Interesting reasons for judgement were released today by the BC Supreme Court, Vancouver Registry, discussing whether ICBC should lose the right to trial by jury due to a letter they sent their policy holders blaming increased insurance rates on ‘rising injury costs’.
In today’s case (Yates v. Lee) the Plaintiff was injured in a 1998 collision. He was 6 years old at the time. His matter was set for trial in February, 2015 and ICBC, the insurer for the Defendant, elected to proceed via jury trial. The Plaintiff argued that the Court should use its inherent jurisdiction to strip ICBC of their right to jury trial suggesting that the letter ICBC sent their policy holders “has tainted the jury pool by creating a real potential for bias against plaintiffs among jurors who are policy holders“. Mr. Justice Pearlman disagreed finding there was no reason for the Court to use its inherent jurisdiction and the trial judge could deal with any suggestion of bias. In reaching this decision the Court provided the following reasons:
 Shortly after November 1, 2013, ICBC began including in the insurance renewal notices sent to each of its policy holders the following statement:
ICBC Rate Changes:
Rising injury costs mean we’re asking the British Columbia Utilities Commission (BCUC) for 4.9% increase to Basic insurance rates. The BCUC has approved an interim rate increase of 4.9% effective November 1, 2013 and will make a final decision after a public hearing process. If a final approved rate differs from the interim rate, your Basic premiums will be adjusted for the difference, subject to the BCUC’s final Order. We are also able to reduce our optional rates to lessen the impact on you.
 The renewal reminder also included a statement of the insured’s estimated total premium for the year…
 Here, at best, the material filed by the plaintiff goes no further than establishing a possibility for bias on the part of some prospective jurors who are ICBC policyholders. In addition to relying on the renewal notice itself, the plaintiff referred to Norsworthy v. Green, (30 May 2009), Victoria Registry 06 2644 (B.C.S.C.). There, Macaulay J. commented, obiter, that every potential juror knows that ICBC funds damages awards, and that this creates the risk that prospective jurors may believe the higher an award in a given case, the greater the likelihood that their own insurance premiums may rise. Macaulay J. observed that such thinking is improper, and would, if disclosed, demonstrate bias. The plaintiff also filed newspaper and Internet articles referring to Shariatamadari v. Ahmadi (4 May 2009), Vancouver Registry S061583 (B.C.S.C.), where the trial judge’s investigation into complaints of juror misconduct revealed that one of the jurors, during deliberations, had expressed concern that a high damage award would drive up their own auto insurance rates. This material falls well short of establishing that a real potential exists in the circumstances of this case that some jurors may be incapable of setting aside any prejudice they may have as a result of the renewal notice, and deciding this case impartially, after receiving appropriate instructions from the trial judge.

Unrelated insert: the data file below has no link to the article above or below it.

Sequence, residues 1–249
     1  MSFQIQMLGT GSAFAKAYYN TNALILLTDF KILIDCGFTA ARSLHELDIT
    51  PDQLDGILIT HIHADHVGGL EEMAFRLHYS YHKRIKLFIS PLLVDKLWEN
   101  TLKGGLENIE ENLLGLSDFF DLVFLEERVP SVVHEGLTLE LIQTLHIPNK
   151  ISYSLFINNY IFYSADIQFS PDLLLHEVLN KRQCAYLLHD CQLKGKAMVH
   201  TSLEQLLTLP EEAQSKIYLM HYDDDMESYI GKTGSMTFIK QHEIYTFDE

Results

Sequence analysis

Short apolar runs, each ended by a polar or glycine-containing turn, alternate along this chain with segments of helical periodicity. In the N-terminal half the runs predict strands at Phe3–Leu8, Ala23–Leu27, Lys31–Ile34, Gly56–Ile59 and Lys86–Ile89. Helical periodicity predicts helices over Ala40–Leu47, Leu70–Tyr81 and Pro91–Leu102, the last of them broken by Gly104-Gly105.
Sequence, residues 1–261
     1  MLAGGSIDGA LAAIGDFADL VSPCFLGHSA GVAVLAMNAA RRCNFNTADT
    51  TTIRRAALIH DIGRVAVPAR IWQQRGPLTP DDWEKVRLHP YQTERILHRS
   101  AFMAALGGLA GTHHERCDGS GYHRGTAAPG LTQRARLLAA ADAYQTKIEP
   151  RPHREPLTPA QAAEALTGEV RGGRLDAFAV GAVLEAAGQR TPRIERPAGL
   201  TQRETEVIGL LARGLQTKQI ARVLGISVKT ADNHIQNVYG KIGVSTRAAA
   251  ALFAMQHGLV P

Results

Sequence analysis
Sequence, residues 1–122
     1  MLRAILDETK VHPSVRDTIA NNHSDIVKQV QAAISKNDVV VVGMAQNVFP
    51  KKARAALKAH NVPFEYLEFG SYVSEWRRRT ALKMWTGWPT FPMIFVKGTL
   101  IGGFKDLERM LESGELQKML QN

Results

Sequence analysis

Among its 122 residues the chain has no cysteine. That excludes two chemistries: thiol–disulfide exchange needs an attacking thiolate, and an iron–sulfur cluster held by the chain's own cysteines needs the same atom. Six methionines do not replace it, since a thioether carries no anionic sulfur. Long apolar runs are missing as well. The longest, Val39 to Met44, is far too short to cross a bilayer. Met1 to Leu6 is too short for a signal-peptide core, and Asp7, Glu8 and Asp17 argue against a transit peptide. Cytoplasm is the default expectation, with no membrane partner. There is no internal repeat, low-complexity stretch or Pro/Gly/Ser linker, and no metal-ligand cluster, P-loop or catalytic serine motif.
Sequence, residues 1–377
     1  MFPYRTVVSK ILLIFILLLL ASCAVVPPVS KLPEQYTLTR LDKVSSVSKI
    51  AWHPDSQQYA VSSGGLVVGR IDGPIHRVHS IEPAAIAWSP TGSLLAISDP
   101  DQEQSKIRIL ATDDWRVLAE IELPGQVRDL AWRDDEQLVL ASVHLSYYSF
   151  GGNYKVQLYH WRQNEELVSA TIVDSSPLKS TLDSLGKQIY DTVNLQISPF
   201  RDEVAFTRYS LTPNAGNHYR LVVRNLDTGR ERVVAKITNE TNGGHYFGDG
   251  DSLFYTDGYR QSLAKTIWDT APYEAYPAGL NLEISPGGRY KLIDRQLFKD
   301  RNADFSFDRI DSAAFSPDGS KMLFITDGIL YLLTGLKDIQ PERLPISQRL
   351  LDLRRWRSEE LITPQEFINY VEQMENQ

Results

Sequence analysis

Even if this court had the inherent jurisdiction to strike a jury notice for juror partiality, I would decline to exercise that jurisdiction in the circumstances of this case for the following reasons:
(a) the court is asked to find that ICBC’s communication to its policy holders through the renewal notices constitutes prejudicial pre-trial misconduct in the absence of an adequate evidentiary foundation;
(b) to grant the relief sought would skirt the challenge for cause process by having the court make a determination of juror partiality without requiring the plaintiff to satisfy both branches of the well-established test for juror partiality, and without any inquiry to determine whether particular members of the juror pool selected for this case could not serve impartially; and
(c) another decision-maker, the trial judge, has all the powers necessary to ensure trial fairness…
 Chester provides further support for my conclusion that the plaintiff’s assertion of juror partiality is a matter which, if pursued, must be raised before the trial judge for determination through the challenge for cause process, rather than before a chambers judge who has neither the inherent jurisdiction to grant the relief sought, nor an adequate evidentiary foundation on which to do so.